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A friend sent these photos of a devastating oil spill last week, saying they were taken July 17, 2010 in Dalian, China. I sent them to a friend who sent them on to another friend (stay with me here…) who lives in China, and she wrote:
“I had heard of it…but the Chinese press keeps a lid on anything that could be construed by the rest of the world that it has a problem with anything…the power of the Press over here is immense…just like this leak…but unlike the BP fiasco…I believe the government stepped in immediately and got it under control….”
Last July in the northeastern port city of Dalian, China, two oil pipelines exploded, sending flames hundreds of feet into the air and burning for over 15 hours, destroying several structures – the cause of the explosion is under investigation. The damaged pipes released thousands of gallons of oil, which flowed into the nearby harbor and the Yellow Sea. The total amount of oil spilled is still not clear, though China Central Television earlier reported an estimate of 1,500 tons (400,000 gallons), as compared to the estimated 94 – 184 million gallons in the BP oil spill off the Louisiana coast. The oil slick has now grown to at least 430 square kilometers (165 sq mi), forcing beaches and port facilities to close while government workers and local fishermen work to contain and clean up the spill. — Boston.com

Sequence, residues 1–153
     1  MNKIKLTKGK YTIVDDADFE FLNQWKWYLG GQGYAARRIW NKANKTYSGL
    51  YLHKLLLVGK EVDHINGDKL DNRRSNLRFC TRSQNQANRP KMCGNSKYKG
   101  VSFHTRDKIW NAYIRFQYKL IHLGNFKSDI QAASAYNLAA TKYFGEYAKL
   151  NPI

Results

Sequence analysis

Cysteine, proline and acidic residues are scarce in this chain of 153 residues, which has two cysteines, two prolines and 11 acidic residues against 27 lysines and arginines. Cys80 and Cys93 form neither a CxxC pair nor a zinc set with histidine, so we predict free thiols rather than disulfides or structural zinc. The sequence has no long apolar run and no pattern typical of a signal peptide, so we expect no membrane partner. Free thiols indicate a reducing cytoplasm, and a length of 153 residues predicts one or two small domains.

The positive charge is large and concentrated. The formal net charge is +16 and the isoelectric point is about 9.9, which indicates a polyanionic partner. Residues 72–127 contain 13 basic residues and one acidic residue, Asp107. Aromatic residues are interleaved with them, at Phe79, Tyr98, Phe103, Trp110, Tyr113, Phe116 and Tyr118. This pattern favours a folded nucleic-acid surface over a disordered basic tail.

The pictures are incredible. Photo credits to Reuters/China Daily, AP Photo/Xinhua, Cai Yongjun, AP, AFP/AFP/Getty Images, AP Photo/Jiang He, Greenpeace, REUTERS/Jiang He/Greenpeace, STR/AFP/Getty Image, REUTERS/Stringer.
Info from captions attached to the photos:
Firefighters walk near an oil pipeline blast site in Dalian, Liaoning province, China early on July 17, 2010. Firefighters later extinguished the fire that raged for more than 15 hours after two oil pipelines exploded in the port of Dalian, the Xinhua news agency said. More than 2,000 firefighters were mobilized to tackle the spectacular blaze. Dozens of oil-skimming vessels were working to remove a growing slick in the water off the port city following a weekend pipeline explosion and fire. Dalian’s Xingang oil port has resumed some loadings for refined fuel for the domestic market, but fuel exports remain temporarily halted, industry officials said, as the oil spill clean-up is still under way.
Two workers try to rescue their co-worker (left) from drowning in the oil slick while he was attempting to fix an underwater pump during the oil spill clean-up operations at Dalian’s Port on July 20, 2010. Firefighter Zhang Liang went under the water and oil, did not resurface, and drowned. The man being pulled ashore in the last three photos is Han Xiaoxiong. The oil covered hand of a firefighter who was overwhelmed by the thick oil spill while attempting to fix an underwater pump is seen after he he was brought to shore by his colleagues. The man being pulled ashore in the last three photos is Han Xiaoxiong
Take a look…
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